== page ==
In statements that would be deemed to hyperbolic for your average 90s infomercial, he mentioned that “it’s probably too cheap”. It was still incredibly expensive, but Ken knew how to get around that objection as well. “We want consumers to think to themselves, ‘I will work more hours to buy one.’” Although that may be the attitude and strategy people take, it’s still not a good look, bro, and it still doesn’t justify the cost.
The PS3 had a rough launch with lower than expected sales and some rougher ports. It took a substantial effort for Sony to improve their image and demonstrate the console’s value over its life cyle. Kutaragi’s job was given to Kaz Hirai, and Kutaragi retired from actively working at Sony in 2007. I don’t know for sure, but my guess is that he paid a price for the console’s struggle at launch. (Take care, Kutaragi-san. You did some amazing things.)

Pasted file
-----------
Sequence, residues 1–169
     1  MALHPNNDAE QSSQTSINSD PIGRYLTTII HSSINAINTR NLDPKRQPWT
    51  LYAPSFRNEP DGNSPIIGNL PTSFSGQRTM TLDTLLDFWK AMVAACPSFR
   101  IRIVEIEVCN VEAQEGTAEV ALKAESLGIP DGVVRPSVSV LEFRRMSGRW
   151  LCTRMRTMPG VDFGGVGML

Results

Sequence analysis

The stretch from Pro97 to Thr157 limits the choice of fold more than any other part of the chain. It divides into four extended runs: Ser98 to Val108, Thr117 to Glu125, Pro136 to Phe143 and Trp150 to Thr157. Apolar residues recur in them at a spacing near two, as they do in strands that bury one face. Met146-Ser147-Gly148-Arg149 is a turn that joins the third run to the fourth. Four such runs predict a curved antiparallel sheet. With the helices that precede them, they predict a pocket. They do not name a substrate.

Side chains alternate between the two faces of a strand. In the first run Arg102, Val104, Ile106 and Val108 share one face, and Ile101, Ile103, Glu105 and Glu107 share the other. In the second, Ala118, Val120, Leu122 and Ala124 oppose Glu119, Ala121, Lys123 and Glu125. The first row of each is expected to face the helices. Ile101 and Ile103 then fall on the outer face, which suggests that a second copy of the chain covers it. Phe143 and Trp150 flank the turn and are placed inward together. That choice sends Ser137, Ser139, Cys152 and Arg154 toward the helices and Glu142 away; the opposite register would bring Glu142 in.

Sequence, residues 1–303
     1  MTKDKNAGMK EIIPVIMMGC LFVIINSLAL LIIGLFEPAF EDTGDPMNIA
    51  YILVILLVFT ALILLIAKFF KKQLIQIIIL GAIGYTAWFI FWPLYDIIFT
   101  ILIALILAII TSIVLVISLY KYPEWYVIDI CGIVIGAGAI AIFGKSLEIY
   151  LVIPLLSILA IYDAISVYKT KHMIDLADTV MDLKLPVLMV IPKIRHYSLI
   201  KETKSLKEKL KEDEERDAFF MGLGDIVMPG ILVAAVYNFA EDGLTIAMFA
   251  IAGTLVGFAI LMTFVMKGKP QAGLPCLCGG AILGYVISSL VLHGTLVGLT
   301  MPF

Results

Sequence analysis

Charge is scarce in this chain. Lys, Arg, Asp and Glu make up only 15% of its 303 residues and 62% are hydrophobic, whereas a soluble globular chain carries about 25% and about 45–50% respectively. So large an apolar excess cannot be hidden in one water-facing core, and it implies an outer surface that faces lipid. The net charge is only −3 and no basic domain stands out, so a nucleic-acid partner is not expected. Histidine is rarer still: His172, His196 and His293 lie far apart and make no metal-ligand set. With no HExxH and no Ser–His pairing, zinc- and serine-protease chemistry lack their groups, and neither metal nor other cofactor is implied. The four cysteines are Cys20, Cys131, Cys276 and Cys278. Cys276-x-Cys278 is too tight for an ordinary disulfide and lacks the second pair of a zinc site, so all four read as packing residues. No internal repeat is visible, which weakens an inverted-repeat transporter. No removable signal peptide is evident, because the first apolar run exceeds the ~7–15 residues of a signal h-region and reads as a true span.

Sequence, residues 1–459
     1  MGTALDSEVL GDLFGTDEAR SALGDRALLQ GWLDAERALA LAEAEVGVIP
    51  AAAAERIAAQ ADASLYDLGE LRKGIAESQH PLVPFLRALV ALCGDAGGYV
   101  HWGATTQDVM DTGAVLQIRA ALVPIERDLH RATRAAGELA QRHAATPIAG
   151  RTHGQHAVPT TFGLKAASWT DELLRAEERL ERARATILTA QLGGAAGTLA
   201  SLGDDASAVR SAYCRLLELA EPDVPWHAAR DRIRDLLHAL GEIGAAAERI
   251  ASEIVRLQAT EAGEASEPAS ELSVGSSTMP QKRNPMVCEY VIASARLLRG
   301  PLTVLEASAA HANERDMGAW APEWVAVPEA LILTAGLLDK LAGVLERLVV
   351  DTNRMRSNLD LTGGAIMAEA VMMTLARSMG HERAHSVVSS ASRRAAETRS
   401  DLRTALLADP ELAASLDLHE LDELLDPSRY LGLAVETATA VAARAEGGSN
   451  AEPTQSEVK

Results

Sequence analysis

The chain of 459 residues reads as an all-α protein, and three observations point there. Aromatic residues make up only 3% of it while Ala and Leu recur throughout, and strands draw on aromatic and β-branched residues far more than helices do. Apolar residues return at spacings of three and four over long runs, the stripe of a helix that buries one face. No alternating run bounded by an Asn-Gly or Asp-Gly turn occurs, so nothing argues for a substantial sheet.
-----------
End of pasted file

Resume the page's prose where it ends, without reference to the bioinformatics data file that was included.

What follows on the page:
What can developers learn here? The most obvious answer is not to be smug with your community. Even if you’re right, you’re wrong, and you will pay the consequences. Smugness is professionally devastating and alienating in the long-term, especially with the internet’s collective long memory.
As you make your case for a decision, as you make your jokes, and as you make a sales pitch for something you want me to buy, you are making your financial and professional bed, and, eventually, you’ll have to lie in it. Don’t be a mother-smugger.
Jason became terminally addicted to videogames after receiving the NES at an early age. This addiction grew to include PC gaming and was cemented with the launch of the PS2. From then on, he was afflicted with epic RPGs, tense shooters, and deep strategy games, never becoming skillful, but never able to quit. He continues to play games (poorly) and share his passion for them to anyone willing to listen.